LOS ANGELES -- Trey Parker and Matt Stone are old hands at being holy terrors.
For the past 15 years the creators of "South Park" have been the reigning champs of camp. Now they have also earned a spot in the pantheon of Broadway with the pop culture juggernaut "The Book of Mormon."
The winner of nine Tony awards including best musical, "Mormon" is a blasphemous lampoon of religion with a song in its heart and a potty in its mouth. The twisted imaginations that brought us Mr. Hankey, the Christmas poo, have galvanized a new generation of theatergoers with this scatological satire of two bumbling Mormon missionaries dispatched to an AIDS-ridden African village.
Still a hot ticket on Broadway, where it opened last year, "Mormon" is thus far living up to its hype as the hottest ticket on the planet when it spreads to other cities. The profane parody sold out in less than two hours for its long-awaited five-week run at San Francisco's Curran Theatre from Nov. 27 to Dec. 30, and prime seats are now going for as much as $1,500 a pop on StubHub. (If you aren't among the blessed who scored tickets: there is a daily lottery in which a few $29 seats are available.) The same thing also happened at the launch of the national tour in Denver.
"I was unprepared for this kind of frenzy," says "Mormon" composer-lyricist Bobby Lopez. "But you've got to love it that there are 15-year-olds who are dying to see a Broadway show."
No one has been
"People told us we were crazy to do this, that it was totally stupid, doomed to fail," says Stone during an interview at Hollywood's Pantages Theatre. "We went into this hoping for a respectable run, to last a year, maybe 18 months, just so we could hold our heads up.
"Now, suddenly, we're the Broadway establishment. We were completely caught off guard by this level of success."
A musical theater fan since childhood, Parker has a special fondness for the Rodgers and Hammerstein canon, which is often echoed in "Mormon." Stone had no interest in musicals until he met Parker in film school. Together they made the short film "Cannibal! The Musical," which paved the way for more sophisticated musical fare such as "South Park: Bigger, Longer & Uncut."
"I am so glad that we chose to do this onstage," Parker says. "We could make a sweet movie out of it but if we did it there would have to be a car chase and a bomb. The pure writing of it for the stage, where you just can't rely on any of those tricks, that was really cool."
Outrageousness has long been a hallmark of Stone and Parker's work. One of the "South Park" characters -- Cartman -- once played a practical joke on a school chum that involved tricking the lad into eating his parents.
"We embrace risk," Stone says. "The last few years on 'South Park' we have done some of the riskiest things we have ever done, knowing it could kill the show, but we also know that's what we have to do."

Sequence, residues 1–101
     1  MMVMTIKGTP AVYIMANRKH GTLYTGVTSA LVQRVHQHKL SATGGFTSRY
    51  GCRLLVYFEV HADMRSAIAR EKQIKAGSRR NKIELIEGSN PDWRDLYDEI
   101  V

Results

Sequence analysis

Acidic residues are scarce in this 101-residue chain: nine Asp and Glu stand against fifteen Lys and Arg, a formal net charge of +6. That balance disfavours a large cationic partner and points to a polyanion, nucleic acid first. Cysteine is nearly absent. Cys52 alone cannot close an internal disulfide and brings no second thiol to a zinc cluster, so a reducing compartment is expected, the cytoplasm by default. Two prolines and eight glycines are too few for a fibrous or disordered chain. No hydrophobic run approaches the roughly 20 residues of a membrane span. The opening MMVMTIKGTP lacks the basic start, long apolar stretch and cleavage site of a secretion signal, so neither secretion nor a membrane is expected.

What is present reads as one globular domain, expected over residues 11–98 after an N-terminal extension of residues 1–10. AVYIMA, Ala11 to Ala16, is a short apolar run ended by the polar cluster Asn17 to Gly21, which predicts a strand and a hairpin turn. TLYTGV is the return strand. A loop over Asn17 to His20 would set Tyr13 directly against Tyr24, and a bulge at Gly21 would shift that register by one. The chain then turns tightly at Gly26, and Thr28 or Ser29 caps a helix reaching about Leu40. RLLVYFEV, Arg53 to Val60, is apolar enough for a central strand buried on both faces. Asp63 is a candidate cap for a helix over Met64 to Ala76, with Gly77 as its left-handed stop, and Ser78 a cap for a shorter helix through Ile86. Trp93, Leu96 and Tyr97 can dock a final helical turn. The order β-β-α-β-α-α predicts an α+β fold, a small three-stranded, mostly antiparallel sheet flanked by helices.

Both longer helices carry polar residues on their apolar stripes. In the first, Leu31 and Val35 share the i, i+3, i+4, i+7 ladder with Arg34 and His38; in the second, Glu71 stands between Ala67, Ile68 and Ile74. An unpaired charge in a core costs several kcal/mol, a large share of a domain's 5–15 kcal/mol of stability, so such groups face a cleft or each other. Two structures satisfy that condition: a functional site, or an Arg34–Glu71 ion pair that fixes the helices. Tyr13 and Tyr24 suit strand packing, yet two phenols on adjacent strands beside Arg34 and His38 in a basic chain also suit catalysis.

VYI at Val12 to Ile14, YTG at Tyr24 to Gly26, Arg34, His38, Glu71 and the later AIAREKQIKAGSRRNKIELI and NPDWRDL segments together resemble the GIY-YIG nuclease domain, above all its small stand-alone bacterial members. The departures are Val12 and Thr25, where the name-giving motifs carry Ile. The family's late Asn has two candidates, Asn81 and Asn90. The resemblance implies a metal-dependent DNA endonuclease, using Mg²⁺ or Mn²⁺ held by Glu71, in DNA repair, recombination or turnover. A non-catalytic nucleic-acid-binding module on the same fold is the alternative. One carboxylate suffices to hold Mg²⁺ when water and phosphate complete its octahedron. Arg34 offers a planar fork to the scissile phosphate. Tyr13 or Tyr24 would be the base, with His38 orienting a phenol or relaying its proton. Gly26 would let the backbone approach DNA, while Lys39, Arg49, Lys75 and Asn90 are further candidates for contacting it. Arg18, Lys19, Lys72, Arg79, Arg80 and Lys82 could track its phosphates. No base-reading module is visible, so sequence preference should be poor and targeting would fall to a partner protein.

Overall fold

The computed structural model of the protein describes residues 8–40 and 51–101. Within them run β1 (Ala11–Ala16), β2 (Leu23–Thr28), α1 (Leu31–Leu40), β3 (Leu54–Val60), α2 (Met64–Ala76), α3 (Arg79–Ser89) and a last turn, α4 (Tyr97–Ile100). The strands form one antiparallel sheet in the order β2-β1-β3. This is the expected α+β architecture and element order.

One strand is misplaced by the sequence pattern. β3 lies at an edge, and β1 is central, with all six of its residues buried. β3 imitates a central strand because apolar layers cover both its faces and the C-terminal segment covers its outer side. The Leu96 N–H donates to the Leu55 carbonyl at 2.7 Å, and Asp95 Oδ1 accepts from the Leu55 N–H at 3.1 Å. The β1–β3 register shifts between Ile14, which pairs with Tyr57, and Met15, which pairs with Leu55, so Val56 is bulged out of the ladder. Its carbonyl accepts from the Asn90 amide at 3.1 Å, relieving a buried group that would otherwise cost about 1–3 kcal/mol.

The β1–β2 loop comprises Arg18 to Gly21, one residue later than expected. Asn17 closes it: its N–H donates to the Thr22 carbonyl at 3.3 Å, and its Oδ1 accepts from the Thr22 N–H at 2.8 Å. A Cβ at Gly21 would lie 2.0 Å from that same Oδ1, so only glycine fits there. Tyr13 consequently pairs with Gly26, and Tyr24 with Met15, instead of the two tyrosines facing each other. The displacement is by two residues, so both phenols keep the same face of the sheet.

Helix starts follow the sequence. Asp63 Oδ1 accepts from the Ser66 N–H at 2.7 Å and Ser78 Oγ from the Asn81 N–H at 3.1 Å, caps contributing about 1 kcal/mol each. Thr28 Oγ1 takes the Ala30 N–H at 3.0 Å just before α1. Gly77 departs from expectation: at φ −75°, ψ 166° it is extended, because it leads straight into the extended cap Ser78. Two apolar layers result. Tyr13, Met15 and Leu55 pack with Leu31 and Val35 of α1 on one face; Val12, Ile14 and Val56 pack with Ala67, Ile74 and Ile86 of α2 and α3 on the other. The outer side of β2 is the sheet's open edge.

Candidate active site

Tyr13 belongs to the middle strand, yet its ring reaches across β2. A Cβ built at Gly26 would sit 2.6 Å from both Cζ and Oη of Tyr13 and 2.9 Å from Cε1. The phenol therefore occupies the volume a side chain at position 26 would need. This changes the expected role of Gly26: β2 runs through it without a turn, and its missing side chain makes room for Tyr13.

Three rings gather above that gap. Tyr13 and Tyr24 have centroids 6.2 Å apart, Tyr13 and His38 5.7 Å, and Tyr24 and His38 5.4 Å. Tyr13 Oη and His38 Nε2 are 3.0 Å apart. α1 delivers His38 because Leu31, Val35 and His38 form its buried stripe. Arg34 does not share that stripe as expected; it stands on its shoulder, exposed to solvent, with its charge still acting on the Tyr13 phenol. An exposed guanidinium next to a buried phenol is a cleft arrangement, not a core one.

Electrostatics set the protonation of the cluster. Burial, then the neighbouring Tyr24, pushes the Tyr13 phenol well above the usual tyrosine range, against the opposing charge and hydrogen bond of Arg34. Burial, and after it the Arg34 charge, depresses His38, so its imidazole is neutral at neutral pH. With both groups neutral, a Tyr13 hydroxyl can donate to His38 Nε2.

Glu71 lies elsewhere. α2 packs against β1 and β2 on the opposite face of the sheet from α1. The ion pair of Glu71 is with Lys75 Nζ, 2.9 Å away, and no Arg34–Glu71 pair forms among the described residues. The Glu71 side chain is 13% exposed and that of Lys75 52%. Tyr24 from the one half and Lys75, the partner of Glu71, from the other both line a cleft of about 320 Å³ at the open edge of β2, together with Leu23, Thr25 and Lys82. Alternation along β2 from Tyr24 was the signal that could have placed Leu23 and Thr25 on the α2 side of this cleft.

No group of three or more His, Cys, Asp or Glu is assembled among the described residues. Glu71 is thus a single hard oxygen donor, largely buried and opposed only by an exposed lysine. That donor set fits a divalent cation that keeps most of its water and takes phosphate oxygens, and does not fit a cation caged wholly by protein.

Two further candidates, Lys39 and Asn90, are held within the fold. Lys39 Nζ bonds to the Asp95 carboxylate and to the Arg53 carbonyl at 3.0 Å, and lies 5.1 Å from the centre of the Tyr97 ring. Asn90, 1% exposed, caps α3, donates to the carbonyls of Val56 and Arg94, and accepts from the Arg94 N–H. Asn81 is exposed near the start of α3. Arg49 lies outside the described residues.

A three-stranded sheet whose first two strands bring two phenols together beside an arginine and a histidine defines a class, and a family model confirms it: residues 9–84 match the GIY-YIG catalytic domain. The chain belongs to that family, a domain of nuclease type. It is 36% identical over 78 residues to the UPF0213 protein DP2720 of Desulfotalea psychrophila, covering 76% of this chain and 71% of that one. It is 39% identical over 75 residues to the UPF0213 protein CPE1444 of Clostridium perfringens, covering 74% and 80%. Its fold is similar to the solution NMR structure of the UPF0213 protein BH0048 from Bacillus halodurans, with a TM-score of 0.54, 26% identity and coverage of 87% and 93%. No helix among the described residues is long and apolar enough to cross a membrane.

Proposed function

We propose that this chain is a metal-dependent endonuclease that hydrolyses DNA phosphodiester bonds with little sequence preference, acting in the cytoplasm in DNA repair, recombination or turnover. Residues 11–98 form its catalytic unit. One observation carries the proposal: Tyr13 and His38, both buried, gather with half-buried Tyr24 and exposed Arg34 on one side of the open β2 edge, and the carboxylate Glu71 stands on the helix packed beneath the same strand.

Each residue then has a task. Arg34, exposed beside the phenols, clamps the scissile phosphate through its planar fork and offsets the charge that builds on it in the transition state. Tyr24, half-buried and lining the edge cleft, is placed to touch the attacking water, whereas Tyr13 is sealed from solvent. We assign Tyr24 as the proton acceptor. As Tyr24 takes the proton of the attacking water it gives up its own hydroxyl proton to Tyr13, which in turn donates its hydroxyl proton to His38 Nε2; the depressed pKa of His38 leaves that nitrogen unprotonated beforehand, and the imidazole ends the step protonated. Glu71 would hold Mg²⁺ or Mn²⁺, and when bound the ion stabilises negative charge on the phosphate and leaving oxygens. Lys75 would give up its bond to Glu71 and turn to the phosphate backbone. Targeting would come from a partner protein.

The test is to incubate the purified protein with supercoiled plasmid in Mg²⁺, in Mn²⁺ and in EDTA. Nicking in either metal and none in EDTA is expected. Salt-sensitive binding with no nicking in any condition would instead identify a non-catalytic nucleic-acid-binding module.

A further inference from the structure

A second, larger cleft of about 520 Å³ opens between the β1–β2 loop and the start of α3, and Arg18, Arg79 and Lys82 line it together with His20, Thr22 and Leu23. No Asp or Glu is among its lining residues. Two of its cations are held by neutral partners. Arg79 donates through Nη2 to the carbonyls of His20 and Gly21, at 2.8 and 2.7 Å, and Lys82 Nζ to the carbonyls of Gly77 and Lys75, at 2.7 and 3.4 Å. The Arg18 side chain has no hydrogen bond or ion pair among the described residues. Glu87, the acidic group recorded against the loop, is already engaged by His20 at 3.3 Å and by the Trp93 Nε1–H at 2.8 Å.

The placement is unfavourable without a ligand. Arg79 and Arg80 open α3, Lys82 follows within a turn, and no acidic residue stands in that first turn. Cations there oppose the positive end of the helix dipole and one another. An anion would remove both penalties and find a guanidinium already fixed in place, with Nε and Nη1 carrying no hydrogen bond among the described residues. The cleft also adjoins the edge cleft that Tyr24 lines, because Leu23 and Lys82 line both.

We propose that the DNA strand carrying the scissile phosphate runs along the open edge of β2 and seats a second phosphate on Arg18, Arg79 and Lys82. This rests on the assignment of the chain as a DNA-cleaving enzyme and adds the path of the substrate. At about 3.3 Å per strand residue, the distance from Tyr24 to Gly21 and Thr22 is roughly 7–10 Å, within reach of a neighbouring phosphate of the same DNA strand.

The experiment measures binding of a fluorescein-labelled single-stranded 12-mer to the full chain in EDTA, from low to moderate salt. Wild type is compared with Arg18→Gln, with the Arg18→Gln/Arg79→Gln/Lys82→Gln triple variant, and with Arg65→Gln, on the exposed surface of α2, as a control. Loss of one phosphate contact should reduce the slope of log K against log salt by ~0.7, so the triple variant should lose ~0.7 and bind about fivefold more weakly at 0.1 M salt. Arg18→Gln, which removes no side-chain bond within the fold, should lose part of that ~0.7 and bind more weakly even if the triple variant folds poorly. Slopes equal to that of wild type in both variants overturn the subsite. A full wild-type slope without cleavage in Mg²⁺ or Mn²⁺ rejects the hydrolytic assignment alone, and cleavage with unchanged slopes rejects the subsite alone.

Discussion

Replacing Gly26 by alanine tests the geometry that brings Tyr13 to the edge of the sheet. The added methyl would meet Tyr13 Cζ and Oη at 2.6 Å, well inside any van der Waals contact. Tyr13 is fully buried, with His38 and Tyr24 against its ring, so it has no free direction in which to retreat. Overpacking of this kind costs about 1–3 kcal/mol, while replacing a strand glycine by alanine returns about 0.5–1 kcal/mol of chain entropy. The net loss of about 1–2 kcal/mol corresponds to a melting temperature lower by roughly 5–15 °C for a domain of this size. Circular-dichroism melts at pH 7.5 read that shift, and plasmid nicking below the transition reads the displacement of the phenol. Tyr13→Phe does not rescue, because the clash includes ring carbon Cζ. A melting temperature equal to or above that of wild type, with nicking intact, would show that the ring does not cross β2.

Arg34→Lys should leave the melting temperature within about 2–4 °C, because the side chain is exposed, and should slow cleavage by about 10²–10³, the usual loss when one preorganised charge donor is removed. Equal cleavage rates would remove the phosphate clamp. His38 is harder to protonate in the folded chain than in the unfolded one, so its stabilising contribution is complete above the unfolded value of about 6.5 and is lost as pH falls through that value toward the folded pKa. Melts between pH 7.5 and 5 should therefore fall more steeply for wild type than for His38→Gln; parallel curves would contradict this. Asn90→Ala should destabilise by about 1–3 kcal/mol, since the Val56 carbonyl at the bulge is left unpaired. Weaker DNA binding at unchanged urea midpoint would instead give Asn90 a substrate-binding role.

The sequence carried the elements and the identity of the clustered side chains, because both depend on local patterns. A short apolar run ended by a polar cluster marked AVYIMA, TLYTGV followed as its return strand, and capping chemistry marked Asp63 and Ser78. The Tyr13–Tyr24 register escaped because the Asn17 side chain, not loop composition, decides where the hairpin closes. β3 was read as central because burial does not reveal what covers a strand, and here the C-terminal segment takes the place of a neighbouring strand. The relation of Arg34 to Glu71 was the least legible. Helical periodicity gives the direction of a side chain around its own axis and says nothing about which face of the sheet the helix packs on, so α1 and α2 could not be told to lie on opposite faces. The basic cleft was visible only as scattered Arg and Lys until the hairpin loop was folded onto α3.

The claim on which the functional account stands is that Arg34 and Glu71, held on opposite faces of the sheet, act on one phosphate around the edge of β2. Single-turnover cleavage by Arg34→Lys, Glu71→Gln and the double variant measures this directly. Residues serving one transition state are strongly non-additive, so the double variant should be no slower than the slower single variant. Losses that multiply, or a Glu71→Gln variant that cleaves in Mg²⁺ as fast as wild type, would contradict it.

So it should come as no surprise that "Mormon" pokes fun at everything. Hard. There is one chipper little song in which the Ugandan villagers share their life philosophy, "Hasa Diga Eebowai," which involves, ahem, interacting with the Almighty through various orifices.
"It's so offensive but I am loving it," says Gavin Creel, who plays Elder Price. "There is one moment when I wonder, 'Is this too far?' but that's what brilliant about Trey and Matt, they know where the line is and they cross it. Then they look back at you from the other side because they have the courage to hop over."
In the show, the missionaries soon find their sunny optimism besieged by the bleakness of life in Uganda. Among the hot-button subjects the musical discusses are famine, warlords, female genital mutilation and baby rape.
Ironically, edginess has turned out to be the key to the show's miraculous box office returns. "Mormon" has tapped into the pent-up desires of a new generation of theatergoers who are better versed in Cartman than "Cats."
"You can't always be hokey and traditional, that's why Broadway fell into disrepute with the younger generation," says composer Lopez, of the edgy and often profane puppet show "Avenue Q." "You have to make it fresh."
Indeed, Darren Keith Velasco says "Mormon" has put theater on the radar for those younger than 30. "If any musical can bring in a new audience," says the Santa Clara University student, "it would be the 'Book of Mormon.' "
Perhaps the most unexpected thing about "Mormon" is that it laces its shock value with a lot of heart.
"You know 'South Park' so you expect the crazy humor but you don't expect how much emotion there is," says Creel, of "Hair" and "Mary Poppins." "I've never been in anything like this. The payoff from the audience is amazing, full-bodied intensity. Laughing one moment and crying the next."
For the record, Stone and Parker deny they set out to make fun of Mormons. Indeed, it's hard to think of a celebrity, cause or ideology that has not come under "South Park" fire. Those they have trashed over the years include Scientologists, Ben Affleck, Toyota Prius owners and people who go zip-lining.
Still, Parker insists they mean no ill will. They simply have a perverse sense of humor.
"We actually bend over backward not to offend people," he says, "it just comes out that way."
It's not just theater buffs who have gotten into the act. The Church of Jesus Christ of Latter-day Saints has taken out ads in the program suggesting fans read the actual Book of Mormon because "the book is always better."
Stone's two cents: "They should make us honorary Mormons."
'THE BOOK OF MORMON'
Book, music and lyrics by Trey Parker, Robert Lopez and Matt Stone.
Playing: Nov. 27 to Dec. 30
Where: Curran Theatre. 445 Geary Street, San Francisco
Tickets: Regular seats are sold out but a limited number of $29 tickets are available through a daily lottery two hours before the show. For details, call 888-746-1799 or go to www.shnsf.com.